This simple and cheap project in its standard form implements an audio delay using an inexpensive ESP32S NodeMCU board and incorporates an optional VOX to trigger a transmitter with the delayed audio so that said audio is not lost due to VOX response time, key-up delays or CTCSS processing delays at endpoint receivers. It was built for a simple one way cross band rebroadcaster which uses off the shelf portable two way radios, but you could use it in any circuit that needed an audio delay if hi fidelity wasn't a requirement.
I've also included the code for the delay only, (no VOX). This code supports a (practical) audio delay of up to about 12 seconds at a nominal 10k/s sampling rate (depending on typically available heap memory), or proportionately less delay at higher sampling rates (automatic, although I've capped the maximum sample rate at 40k/s).
When I first decided to do this I found there didn’t seem to be much on the internet that dealt with the sort of audio delay I needed; mostly stuff for music echo/reverb effects with fairly ordinary performance using the ubiquitous PT2399 IC hence this RYO approach. The simple ability to add VOX in the same program was a bonus. It is by no means a complex or cutting edge project, just something useful.
Update: I have since found a kit from the Electric Druid that might suit folks who are just after a delay, no vox. see: https://electricdruid.net/diy-digital-delay/
Why use the ESP32?
Because a friend suggested it, because it's cheap, powerful and has an "adequate" ADC and DAC on board along with a decent size memory - and because I could program it using the Arduino IDE instead of having to learn a new language or development process. OK, yes, it doesn't use the wifi, bluetooth etc.. facilities, so again, yes, it's the proverbial sledgehammer cracking a nut.
Status: working in basic form
To do: finish boxing up the working prototype for field trials.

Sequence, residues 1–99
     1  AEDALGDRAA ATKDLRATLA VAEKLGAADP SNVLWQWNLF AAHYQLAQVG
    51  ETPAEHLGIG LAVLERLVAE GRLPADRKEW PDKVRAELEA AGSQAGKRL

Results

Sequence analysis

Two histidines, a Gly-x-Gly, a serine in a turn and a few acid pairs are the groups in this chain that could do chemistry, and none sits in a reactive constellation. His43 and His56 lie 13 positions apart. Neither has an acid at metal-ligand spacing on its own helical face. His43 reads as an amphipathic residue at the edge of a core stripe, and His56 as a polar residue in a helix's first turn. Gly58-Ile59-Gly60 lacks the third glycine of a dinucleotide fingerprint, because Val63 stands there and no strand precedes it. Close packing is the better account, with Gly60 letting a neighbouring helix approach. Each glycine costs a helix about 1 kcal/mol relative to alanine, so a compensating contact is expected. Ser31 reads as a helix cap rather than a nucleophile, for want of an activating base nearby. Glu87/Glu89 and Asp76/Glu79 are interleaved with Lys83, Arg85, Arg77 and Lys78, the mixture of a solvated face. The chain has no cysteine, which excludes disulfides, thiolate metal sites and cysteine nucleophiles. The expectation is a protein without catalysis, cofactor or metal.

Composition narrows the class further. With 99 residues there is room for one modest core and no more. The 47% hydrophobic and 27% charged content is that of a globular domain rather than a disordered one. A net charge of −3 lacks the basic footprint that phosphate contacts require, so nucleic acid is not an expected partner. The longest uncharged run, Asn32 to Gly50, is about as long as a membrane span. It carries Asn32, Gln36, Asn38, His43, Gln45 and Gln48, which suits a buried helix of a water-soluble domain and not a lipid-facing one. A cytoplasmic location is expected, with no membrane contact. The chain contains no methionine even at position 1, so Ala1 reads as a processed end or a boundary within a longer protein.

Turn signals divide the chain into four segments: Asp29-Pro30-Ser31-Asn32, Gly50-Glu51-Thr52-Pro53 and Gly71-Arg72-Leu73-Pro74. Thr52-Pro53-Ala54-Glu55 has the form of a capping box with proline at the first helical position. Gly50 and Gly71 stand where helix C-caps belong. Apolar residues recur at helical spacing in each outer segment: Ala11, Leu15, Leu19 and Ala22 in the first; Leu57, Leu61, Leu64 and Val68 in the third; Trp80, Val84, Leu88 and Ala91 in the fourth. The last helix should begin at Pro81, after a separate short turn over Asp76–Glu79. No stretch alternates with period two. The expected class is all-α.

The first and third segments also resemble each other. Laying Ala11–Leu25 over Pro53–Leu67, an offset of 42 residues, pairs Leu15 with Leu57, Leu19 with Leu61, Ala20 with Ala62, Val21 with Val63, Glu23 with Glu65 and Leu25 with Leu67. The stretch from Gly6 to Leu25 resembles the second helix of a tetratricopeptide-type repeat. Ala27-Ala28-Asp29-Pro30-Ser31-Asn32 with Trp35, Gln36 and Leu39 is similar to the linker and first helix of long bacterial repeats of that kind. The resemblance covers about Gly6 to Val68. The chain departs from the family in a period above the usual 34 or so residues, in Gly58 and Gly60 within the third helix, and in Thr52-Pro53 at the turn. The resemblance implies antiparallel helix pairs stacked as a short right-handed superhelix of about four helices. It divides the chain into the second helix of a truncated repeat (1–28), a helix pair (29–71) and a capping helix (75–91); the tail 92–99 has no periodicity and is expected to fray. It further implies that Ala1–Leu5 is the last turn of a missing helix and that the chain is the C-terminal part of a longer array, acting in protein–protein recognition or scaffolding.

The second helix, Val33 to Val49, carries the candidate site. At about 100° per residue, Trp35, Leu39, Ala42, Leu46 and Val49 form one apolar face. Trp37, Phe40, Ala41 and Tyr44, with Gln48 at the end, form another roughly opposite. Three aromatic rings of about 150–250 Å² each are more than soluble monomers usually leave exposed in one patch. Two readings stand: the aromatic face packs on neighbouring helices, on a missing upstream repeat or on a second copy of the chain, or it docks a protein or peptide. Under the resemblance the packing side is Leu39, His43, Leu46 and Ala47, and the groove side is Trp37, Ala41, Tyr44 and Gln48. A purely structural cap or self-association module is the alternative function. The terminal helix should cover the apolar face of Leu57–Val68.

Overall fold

Performance of the delay is not bad for voice at a sample rate of 20k/sec, and the original test lashup can get by without any anti-aliasing filter on the input, probably because the audio response on the incoming receiver is too poor to carry much in the way of non-voice frequencies, and the input on the transceiver is likewise not too fussy.
The program allows for extension of the delay up to about 10 seconds at progressively lower sample rates.
Time shift VOX mode
In VOX mode, the input audio stream is continuously stored in a ring buffer. The processor keeps a running average of the input level over a configurable period of samples (0.3 seconds in prototype). If this exceeds a threshold, the VOX is triggered, raising a transmit signal so the radio which sees the delayed audio is immediately set to transmit and the output DAC is enabled thus starting to send recorded audio from a defined delay time before the VOX was triggered (time shift).
The VOX/transmit remains triggered until input audio is stopped and stays triggered for a full delay period plus a small bit extra (the Tail) before turning off the radio transmitter transmit signal.
The idea is to compensate for missing audio due to delays in VOX triggering. By transmitting a bit of silence before the payload audio, you can also compensate for slow key-up of the transmitter and slow triggering of the eventual receiver.
The unit can be used with transceivers that don't have a separate transmit line but do have their own internal VOX.
I have also added the ability to insert a beep at the start of the delayed output audio.
The VOX as implemented...Read more »